possible means of minimizing risk have been identified, it becomes necessary
to make decisions regarding the level of risk to which we are willing
to expose ourselves. Most experts readily agree (at least in theory) that
when risk arises from human or technological activity, it is first important
to evaluate whether the risky activity is necessary, or whether safer
alternatives exist. Unfortunately, the definition of "necessary”
varies depending upon the motivations of the assessor, and insufficient
attention is given to the exploration of plausible alternatives. Risk
assessment has been misused extensively in the past decades, often for
the sake of corporate economic profit.
almost any situation, risk abatement has costs of money, time, or other
inconveniences. We must therefore decide how much risk abatement we are
willing to "buy." We often choose a risk management strategy
by comparing the concepts of "acceptable risk" and "optimal
risk is the risk that individuals or society say is okay. We all tolerate
certain levels of risk in our daily lives. For example, we may ride in
a car without a seatbelt, eat too many cheeseburgers, go skiing twice
a year, or smoke a few cigarettes a day. Each activity is associated with
some risks, but consciously or subconsciously, we accept that risk.
studies have been attempted to determine whether or not society deems
a certain level of risk acceptable. Risk acceptability is determined by
studying an individual's "revealed" or "expressed”
preferences. Revealed preferences are those that are inferred from levels
of risk people have accepted in the past. Expressed preferences are obtained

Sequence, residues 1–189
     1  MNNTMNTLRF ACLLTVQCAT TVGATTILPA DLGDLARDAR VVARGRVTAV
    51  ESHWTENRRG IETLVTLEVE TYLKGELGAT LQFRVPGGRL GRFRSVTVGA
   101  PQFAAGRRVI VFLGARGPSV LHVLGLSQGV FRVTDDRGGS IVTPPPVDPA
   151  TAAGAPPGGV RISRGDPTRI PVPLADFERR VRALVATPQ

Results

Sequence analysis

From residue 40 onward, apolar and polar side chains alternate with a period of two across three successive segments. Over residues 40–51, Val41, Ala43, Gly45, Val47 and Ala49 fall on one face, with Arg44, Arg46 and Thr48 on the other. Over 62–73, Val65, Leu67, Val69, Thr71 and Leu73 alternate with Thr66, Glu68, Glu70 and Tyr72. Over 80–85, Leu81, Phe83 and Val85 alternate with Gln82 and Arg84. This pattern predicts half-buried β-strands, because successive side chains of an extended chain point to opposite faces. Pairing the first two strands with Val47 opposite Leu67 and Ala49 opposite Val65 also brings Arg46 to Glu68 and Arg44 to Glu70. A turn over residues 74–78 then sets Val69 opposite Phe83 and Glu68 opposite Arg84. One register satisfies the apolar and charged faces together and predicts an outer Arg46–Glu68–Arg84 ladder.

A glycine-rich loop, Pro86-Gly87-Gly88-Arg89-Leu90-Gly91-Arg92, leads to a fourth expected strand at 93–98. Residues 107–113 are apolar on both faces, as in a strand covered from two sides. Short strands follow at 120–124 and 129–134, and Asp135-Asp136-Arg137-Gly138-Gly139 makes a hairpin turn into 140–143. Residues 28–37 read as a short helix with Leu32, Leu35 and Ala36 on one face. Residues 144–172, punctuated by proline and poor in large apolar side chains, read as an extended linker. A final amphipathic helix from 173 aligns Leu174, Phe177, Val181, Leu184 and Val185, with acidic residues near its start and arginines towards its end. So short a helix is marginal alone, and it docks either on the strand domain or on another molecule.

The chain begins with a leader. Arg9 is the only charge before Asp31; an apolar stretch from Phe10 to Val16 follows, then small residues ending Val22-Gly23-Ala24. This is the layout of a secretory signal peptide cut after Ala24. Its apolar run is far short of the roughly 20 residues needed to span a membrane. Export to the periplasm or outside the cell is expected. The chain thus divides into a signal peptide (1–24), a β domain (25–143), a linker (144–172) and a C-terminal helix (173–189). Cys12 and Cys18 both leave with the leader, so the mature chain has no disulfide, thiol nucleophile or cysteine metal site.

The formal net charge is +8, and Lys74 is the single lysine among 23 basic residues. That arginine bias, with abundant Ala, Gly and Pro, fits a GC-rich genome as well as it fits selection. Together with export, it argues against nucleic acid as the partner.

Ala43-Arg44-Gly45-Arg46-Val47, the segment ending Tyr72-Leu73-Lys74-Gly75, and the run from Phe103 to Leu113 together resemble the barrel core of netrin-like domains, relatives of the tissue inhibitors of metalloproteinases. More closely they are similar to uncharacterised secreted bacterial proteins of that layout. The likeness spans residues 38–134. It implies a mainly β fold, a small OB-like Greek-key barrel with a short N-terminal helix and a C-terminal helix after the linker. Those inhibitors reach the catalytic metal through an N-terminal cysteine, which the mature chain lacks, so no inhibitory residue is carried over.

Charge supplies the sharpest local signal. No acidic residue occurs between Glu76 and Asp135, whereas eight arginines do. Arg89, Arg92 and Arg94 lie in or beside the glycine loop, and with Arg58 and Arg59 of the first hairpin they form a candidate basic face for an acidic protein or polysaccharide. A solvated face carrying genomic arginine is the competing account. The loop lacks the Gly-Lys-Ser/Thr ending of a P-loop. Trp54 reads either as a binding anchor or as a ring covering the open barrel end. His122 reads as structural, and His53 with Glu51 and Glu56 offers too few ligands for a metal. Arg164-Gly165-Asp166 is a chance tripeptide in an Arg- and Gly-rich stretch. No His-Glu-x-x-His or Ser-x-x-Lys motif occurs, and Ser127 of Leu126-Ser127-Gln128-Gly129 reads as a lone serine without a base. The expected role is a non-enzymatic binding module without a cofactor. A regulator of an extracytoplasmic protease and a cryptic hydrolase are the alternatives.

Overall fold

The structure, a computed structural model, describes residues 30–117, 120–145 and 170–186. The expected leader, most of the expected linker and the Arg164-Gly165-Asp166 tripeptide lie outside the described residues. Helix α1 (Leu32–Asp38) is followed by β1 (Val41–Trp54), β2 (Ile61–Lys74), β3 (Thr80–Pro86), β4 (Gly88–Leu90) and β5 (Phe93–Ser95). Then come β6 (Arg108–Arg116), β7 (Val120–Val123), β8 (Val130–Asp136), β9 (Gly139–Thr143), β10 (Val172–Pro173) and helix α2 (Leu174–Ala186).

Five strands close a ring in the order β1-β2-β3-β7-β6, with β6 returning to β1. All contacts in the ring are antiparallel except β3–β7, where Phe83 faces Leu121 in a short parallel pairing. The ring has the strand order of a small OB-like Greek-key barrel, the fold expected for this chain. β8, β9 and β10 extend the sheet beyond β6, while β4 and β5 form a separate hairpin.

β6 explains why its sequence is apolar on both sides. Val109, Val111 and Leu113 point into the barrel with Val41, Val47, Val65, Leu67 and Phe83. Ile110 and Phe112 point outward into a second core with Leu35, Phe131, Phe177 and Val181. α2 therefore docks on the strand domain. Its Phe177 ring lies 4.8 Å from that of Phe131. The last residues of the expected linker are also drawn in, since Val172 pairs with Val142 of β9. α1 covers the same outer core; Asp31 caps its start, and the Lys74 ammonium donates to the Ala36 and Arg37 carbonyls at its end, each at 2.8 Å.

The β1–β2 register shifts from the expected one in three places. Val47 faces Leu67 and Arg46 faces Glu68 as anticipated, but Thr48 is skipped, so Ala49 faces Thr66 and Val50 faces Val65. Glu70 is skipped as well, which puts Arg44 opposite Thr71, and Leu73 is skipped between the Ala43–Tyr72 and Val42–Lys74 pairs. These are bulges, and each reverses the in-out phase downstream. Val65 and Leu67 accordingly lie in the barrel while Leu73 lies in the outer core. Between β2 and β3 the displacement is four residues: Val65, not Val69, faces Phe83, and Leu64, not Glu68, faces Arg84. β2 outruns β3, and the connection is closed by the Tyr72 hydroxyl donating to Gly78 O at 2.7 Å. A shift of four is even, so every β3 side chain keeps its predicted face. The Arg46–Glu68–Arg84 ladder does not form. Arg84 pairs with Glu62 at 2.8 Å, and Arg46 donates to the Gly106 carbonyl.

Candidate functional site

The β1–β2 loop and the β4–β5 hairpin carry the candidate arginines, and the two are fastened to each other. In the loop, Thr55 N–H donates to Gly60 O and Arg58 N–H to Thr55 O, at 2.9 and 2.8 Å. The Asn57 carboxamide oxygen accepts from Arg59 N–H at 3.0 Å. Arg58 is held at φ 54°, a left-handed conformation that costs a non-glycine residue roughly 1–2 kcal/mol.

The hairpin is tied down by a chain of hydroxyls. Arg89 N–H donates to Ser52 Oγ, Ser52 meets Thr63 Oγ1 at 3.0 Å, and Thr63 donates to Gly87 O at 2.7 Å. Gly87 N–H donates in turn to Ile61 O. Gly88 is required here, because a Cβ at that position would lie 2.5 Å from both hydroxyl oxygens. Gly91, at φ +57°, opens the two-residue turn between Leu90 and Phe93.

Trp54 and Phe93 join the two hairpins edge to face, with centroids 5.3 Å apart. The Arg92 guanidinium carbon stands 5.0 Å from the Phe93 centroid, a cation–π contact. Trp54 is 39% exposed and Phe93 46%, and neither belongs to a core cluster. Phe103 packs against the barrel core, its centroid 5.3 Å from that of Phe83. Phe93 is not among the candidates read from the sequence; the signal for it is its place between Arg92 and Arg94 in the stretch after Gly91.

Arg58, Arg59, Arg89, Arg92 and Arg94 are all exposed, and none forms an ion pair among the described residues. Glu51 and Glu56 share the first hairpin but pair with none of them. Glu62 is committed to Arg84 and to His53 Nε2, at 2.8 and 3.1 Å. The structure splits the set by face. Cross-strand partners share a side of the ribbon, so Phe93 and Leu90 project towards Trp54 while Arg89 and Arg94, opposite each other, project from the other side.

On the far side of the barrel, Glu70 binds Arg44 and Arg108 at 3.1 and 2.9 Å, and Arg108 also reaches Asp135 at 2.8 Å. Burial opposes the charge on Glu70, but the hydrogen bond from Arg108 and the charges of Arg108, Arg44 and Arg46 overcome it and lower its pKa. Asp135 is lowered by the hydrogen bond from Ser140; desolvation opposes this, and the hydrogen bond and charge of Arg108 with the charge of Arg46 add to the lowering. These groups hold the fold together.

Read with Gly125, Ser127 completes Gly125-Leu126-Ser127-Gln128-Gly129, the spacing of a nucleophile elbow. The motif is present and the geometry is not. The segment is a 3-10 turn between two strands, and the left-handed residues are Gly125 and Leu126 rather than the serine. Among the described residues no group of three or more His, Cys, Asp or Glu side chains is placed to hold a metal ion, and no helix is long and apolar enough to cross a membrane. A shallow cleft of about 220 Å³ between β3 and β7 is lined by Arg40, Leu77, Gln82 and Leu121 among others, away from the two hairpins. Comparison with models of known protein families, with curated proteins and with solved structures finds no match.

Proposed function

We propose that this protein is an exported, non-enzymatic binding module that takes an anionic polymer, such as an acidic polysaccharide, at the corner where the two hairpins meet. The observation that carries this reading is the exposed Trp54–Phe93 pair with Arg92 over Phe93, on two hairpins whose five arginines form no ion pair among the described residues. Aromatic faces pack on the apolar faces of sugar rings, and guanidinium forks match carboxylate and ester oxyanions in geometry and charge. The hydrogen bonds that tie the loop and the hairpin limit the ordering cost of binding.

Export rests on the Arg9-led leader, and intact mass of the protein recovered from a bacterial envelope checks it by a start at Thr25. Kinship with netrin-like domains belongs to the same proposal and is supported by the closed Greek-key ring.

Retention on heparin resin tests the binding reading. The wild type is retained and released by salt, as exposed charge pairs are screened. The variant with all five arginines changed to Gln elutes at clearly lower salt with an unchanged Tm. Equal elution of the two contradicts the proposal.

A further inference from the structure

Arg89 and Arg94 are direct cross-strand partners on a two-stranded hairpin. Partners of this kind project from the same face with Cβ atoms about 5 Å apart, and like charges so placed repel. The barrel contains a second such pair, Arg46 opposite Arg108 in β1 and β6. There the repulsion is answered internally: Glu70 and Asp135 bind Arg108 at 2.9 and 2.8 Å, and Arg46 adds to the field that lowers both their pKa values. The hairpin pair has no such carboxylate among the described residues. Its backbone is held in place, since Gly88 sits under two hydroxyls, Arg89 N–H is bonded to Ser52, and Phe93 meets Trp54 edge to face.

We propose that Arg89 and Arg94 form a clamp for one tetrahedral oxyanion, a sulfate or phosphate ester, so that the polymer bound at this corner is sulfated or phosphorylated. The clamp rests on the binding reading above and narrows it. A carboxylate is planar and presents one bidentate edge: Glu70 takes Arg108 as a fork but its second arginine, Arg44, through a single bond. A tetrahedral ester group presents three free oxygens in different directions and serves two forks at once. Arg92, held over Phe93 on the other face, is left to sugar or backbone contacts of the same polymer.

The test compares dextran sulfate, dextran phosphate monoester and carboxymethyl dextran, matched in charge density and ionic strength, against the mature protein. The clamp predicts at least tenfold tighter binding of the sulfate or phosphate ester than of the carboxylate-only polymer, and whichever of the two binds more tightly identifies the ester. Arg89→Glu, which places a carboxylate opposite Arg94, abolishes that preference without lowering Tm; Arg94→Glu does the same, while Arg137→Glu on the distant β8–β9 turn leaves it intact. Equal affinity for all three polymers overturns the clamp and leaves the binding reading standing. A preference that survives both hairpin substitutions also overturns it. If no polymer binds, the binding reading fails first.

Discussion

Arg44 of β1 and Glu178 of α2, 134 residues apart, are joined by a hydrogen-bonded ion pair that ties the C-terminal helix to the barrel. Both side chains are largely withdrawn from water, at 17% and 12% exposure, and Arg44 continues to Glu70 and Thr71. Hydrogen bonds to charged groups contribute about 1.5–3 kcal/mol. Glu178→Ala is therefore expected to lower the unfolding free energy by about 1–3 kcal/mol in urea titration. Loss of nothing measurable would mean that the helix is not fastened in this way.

by asking people directly what levels of risk they find acceptable.
the scale of population risk (as opposed to the individual risks we mentioned
before), government or regulatory agencies will often set levels of acceptable
risk in the form of thresholds below which risk will be tolerated. For
example, the EPA sets drinking water standards limiting the amounts of
contaminants that may be present in the public drinking water supply.
They do this by setting threshold limits for contaminant concentrations
below which the risk presented by these contaminants is considered "acceptable."
Optimal risk is determined by quantitatively assessing the pros and cons
of a risk. Optimal risk "implies a trade-off that minimizes the sum
of all undesirable consequences." The classic economics answer to
the question of optimal risk is that "the optimal level is where
the sum of the cost of risk abatement and the expected losses from risk
is at a minimum."
Optimal risk as determined by minimum sum of cost of risk abatement
and expected losses from risk. (from Morgan, M. Granger. "Choosing
and Managing Technology-Induced Risk," IEEE Spectrum, vol.
18, no. 12, pp. 53-60. December 1981.)
determining optimal risk, assessors attempt to quantify the costs and
benefits of a risky activity. They often quantify and measure in monetary
units. The problem is that they are often assigning monetary values to
things that shouldn't be priced. How does one ethically place a price
on human life, ecological health, quality of life, opportunity, or other
such "costs" and "benefits"?